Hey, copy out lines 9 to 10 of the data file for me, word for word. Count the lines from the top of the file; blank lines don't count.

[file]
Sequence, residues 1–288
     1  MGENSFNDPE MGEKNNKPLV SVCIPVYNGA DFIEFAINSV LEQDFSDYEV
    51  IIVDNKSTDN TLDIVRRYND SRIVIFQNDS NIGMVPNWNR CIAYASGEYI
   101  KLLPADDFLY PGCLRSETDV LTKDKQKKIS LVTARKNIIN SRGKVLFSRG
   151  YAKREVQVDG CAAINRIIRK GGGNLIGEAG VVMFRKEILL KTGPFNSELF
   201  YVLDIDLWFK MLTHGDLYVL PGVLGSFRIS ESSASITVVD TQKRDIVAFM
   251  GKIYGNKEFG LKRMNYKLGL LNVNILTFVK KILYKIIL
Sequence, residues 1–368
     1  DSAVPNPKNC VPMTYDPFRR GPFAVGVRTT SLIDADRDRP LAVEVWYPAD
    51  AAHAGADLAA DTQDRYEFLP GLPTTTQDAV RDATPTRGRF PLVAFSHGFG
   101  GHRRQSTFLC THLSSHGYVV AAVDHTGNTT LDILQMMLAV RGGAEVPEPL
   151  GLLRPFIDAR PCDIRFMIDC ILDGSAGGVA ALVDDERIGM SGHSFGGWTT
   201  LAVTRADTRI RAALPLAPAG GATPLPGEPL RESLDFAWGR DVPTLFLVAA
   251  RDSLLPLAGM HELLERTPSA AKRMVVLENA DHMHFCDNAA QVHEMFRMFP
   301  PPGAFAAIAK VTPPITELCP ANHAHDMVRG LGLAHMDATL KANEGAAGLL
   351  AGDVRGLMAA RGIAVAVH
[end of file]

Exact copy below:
     1  DSAVPNPKNC VPMTYDPFRR GPFAVGVRTT SLIDADRDRP LAVEVWYPAD
    51  AAHAGADLAA DTQDRYEFLP GLPTTTQDAV RDATPTRGRF PLVAFSHGFG